- Ensure the presence of minority faculty in educational leadership programs in numbers sufficient to assure that UCEA programs will reflect the diversity of our society and schools.
- Support the K-12 environment’s need for a larger pool of administrators from minority groups, through enhanced abilities to recruit them into university programs
- Demonstrate UCEA’s commitment to diversity, equity, and social justice.
Each UCEA Institution is encouraged to identify a minimum of one and preferably more graduate students who will be named a UCEA Barbara L. Jackson Scholar.
Once identified, the UCEA Barbara L. Jackson Scholars will receive formal recognition at their institutions and within the UCEA consortium.
The UCEA Barbara L. Jackson Scholars will become part of a UCEA network, with a space on the website, and based on the ability of UCEA to acquire external funding, will engage in a graduate student seminar held annually during the UCEA Convention, participating in listservs and other forms of communication,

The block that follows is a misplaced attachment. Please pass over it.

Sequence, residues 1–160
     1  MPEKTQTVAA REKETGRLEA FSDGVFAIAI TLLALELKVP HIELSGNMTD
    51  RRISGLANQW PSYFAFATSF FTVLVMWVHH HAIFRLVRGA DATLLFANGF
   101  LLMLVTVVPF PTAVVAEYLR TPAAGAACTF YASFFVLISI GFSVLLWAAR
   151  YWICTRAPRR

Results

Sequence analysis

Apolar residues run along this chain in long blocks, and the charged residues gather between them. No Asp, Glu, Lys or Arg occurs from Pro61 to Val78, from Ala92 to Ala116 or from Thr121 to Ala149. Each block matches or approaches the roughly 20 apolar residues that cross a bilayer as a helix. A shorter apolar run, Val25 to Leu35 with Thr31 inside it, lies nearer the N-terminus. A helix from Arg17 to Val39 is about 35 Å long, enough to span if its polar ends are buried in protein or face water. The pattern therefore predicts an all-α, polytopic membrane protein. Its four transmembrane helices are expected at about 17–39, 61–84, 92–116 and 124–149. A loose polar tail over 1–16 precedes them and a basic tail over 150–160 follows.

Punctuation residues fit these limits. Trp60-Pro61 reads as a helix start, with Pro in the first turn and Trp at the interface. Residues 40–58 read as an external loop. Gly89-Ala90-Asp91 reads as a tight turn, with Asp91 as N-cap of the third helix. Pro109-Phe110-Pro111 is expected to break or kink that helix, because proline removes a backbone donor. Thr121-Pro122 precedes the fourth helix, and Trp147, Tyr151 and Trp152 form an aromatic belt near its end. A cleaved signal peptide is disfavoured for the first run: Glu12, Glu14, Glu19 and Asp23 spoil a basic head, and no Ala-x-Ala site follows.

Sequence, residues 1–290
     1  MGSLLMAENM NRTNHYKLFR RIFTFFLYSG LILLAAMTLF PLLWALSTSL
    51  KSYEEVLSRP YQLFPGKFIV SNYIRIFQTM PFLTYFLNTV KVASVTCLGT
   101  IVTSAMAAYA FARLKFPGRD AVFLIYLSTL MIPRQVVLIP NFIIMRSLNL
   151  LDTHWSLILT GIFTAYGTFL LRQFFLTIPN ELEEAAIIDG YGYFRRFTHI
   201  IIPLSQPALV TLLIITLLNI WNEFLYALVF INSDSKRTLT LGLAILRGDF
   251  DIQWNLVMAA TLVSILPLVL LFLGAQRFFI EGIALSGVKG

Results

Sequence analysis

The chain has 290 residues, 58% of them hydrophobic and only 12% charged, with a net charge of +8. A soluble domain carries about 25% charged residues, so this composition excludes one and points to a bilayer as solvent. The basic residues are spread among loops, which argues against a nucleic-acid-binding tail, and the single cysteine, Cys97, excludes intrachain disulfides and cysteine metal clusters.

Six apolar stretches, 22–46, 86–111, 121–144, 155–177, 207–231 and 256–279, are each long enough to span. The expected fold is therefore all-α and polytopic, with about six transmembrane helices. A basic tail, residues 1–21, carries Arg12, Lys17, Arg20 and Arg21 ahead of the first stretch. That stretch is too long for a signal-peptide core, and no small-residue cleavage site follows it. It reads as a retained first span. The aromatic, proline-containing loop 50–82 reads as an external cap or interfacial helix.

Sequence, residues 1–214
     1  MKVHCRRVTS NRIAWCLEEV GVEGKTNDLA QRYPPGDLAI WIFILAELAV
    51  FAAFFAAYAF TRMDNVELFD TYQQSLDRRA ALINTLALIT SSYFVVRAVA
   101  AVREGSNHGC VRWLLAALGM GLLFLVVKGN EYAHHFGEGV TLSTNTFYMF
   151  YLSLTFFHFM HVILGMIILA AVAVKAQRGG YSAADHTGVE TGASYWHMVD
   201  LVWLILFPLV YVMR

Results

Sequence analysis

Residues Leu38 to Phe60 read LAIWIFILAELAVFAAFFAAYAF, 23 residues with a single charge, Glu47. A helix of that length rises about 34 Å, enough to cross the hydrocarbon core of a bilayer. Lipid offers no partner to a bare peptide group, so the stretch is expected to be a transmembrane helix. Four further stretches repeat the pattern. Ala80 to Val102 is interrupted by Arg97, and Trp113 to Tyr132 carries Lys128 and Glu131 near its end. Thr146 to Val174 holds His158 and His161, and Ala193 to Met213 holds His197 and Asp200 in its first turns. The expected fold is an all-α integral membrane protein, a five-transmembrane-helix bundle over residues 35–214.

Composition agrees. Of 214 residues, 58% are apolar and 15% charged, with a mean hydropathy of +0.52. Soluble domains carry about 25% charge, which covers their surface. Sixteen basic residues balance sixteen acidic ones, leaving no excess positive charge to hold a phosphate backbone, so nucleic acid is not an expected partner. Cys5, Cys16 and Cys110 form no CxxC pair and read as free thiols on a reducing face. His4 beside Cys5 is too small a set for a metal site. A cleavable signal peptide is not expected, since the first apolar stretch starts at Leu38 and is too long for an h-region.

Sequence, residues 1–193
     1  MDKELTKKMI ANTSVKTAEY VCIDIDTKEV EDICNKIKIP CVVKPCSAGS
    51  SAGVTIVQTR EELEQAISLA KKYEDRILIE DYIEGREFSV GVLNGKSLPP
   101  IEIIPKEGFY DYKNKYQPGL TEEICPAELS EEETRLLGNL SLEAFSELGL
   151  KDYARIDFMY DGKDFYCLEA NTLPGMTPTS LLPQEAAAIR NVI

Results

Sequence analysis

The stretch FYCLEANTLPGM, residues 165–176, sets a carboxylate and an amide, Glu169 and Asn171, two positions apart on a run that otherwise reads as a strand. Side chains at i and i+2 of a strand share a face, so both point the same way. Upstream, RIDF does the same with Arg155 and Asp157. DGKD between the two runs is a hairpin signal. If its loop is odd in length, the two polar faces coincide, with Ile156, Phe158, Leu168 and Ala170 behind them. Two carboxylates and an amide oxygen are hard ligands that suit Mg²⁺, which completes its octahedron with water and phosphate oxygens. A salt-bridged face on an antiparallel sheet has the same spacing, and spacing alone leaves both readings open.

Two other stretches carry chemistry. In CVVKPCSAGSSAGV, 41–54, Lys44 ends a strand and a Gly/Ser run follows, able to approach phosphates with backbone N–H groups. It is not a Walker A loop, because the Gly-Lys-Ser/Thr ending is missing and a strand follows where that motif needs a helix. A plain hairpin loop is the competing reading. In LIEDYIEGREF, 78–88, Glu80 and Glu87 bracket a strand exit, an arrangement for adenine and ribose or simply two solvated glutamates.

UCEA will develop a mentoring program for Jackson Scholars, through which scholars will receive mentoring in publishing, teaching and navigating higher education.
Each UCEA Institution is expected to make a financial commitment to sending the UCEA Barbara L. Jackson Scholars to the UCEA convention where they will have opportunities to connect and work with one another and to provide the scholar with research and teaching opportunities within their home institution.
UCEA will seek funds to support this network.
UCEA headquarters will assure that this information on this effort is disseminated widely to garner support and broaden job opportunities for the students.